“They can break up into different racial areas and enclaves, and it can be difficult to facilitate conversation across those lines. It is important to break those barriers to open up conversations to handle those more pressing community issues,” Kirk said.
Members of the Camden committee confronted these deep-seated issues with an awareness campaign. As part of the campaign, they hosted community meetings where these topics could be discussed openly and honestly. They also held community events to foster resident relationships.
“We had to bring these issues to the forefront for awareness,” said Janice White, a fourth-grade teacher and co-chair of the community committee. “People were not aware that these personal feelings were actually there. Whether racism or the division actually existed was one thing, but how people felt about it was another. Perception is so important. We were trying to close the gaps for the feelings of the people.”
Coming together as a community
One of the largest gaps committee members faced was the perception of Camden between black people and white people.
“When we talked to white people, we asked them how was Camden? How have things changed for the betterment of Camden since the 1970s?” White said. “Some white people would say it’s an 8 or 9. When we posed that same question to black people, they would say 4, 5, or 6. So right there we knew the perception was different for blacks than whites. That is when we started having dialogue. What can we do to change that?”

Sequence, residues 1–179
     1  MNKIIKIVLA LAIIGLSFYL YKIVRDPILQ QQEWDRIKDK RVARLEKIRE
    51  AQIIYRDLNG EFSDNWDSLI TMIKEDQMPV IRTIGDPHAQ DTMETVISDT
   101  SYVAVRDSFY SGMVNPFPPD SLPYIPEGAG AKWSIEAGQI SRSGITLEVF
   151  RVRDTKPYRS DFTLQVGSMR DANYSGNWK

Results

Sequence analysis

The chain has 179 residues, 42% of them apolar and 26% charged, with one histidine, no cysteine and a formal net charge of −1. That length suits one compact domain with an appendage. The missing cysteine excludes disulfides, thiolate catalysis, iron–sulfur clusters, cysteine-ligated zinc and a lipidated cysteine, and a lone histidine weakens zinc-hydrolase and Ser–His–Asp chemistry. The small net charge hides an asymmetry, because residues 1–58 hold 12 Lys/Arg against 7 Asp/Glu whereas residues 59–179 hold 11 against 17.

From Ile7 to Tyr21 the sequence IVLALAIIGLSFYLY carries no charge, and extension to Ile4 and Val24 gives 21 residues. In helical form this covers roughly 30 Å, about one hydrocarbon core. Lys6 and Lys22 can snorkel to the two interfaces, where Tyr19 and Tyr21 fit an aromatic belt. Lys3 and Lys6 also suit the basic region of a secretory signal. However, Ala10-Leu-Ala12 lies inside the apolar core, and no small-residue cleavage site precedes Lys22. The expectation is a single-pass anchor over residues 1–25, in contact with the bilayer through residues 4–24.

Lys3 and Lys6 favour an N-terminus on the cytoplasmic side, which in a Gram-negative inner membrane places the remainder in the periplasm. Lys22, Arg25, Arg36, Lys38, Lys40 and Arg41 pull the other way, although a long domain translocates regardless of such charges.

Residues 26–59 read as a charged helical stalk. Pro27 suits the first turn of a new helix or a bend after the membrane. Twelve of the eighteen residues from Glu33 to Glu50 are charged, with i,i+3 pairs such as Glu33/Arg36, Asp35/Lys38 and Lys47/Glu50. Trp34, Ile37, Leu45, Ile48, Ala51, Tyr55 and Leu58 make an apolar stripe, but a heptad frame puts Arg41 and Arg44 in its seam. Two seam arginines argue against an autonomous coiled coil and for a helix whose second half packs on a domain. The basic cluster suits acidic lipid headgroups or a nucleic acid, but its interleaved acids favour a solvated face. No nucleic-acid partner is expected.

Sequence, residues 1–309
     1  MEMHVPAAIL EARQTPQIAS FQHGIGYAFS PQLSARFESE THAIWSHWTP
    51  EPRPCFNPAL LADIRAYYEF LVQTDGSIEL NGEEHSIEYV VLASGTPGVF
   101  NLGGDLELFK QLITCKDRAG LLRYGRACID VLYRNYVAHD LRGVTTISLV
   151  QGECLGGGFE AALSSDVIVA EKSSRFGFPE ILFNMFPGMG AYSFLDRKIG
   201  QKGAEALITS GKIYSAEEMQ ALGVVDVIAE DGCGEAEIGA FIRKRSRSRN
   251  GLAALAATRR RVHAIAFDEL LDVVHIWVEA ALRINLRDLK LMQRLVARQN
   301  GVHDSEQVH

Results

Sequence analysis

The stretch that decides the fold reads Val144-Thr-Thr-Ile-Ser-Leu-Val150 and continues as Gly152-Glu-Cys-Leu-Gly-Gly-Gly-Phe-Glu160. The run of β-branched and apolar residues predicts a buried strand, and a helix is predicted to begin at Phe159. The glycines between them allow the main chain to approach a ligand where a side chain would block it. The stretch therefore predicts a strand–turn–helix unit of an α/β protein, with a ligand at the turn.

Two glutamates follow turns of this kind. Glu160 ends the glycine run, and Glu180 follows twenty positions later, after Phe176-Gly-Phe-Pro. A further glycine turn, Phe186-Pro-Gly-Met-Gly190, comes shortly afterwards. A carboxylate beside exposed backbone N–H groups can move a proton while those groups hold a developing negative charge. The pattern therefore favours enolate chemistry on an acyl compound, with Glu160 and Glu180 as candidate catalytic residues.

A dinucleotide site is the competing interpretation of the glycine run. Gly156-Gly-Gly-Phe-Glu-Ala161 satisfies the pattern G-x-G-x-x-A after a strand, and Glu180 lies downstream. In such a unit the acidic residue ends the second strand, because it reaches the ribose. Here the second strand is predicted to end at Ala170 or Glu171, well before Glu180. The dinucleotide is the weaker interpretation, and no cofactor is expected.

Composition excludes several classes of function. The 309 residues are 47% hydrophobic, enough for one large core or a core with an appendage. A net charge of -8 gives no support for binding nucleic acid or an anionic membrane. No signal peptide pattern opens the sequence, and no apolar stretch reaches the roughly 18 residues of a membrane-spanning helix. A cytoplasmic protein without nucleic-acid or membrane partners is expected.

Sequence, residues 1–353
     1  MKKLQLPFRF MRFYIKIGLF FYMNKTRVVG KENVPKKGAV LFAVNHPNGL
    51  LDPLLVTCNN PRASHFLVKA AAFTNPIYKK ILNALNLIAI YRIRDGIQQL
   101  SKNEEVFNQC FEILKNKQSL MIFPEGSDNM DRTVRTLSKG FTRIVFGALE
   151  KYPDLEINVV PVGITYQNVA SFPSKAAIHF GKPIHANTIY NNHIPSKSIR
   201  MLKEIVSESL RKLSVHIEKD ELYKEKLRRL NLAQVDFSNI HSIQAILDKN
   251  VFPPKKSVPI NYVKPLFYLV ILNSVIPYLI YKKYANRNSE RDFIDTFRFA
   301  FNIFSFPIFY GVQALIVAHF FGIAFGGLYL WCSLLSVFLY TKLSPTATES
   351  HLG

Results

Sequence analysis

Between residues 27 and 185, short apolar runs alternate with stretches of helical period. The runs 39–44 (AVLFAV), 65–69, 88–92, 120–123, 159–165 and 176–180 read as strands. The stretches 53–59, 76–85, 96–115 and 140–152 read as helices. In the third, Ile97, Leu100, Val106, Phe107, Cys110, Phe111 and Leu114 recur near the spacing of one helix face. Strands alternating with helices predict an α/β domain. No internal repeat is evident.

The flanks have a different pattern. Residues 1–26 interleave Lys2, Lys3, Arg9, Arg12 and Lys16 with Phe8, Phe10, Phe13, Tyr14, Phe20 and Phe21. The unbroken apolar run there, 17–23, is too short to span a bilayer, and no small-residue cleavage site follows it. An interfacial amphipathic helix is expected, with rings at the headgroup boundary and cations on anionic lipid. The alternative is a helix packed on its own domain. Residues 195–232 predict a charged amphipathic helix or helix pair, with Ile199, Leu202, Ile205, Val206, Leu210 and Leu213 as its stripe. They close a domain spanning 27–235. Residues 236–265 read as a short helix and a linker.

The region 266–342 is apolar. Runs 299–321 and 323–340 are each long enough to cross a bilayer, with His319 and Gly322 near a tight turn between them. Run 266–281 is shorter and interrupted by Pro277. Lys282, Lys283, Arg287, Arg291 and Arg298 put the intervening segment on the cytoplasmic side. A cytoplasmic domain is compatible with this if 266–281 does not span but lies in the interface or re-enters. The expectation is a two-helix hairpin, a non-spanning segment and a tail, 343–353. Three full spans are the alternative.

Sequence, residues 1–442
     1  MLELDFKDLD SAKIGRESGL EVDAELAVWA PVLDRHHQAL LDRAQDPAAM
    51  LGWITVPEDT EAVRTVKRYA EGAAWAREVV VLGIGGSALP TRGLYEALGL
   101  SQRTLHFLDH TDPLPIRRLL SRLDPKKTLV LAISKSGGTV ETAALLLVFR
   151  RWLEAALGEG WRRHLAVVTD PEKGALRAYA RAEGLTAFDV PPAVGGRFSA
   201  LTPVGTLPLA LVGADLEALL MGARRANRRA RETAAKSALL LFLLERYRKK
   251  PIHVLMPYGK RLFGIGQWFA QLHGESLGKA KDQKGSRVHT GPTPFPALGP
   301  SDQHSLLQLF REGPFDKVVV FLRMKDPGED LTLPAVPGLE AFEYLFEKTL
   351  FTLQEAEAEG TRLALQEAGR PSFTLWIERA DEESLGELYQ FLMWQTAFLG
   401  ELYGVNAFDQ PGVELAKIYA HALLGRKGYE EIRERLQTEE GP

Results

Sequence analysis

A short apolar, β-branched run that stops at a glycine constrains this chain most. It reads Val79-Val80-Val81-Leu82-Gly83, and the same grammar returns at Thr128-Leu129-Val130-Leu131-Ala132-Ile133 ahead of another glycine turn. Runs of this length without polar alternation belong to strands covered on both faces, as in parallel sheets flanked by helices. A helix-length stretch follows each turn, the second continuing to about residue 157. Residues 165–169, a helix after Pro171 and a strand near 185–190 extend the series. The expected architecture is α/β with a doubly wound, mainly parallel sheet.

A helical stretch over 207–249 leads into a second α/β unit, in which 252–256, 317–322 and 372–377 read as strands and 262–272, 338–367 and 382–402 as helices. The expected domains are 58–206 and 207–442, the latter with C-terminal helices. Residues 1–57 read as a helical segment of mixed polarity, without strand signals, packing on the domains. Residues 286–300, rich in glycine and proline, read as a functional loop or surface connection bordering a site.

Camden residents responded that the people did not spend enough time together as a community.
“People said we don’t do anything together. We work together, our children play sports together, but there was not any coming together outside the few interracial churches we have. For the most part, Camden’s churches are still divided. Our goal is to continue to hold more events that will bring people together to socialize and communicate. We want to break down some stereotypes that cause division,” White said.
In addition to National Night Out, the committee holds monthly meetings where members discuss ongoing issues. Committee members also speak with church congregations to raise awareness about issues of diversity and how to unify the community.
To the members of the committee, the changes since the Institute on Race and Ethnicity first visited Camden are abundant.
“Before, these issues were like the elephant in the room that no one wanted to recognize or acknowledge,” White said. “Now, people in Camden can openly talk about these issues and bring resolutions without feeling threatened.”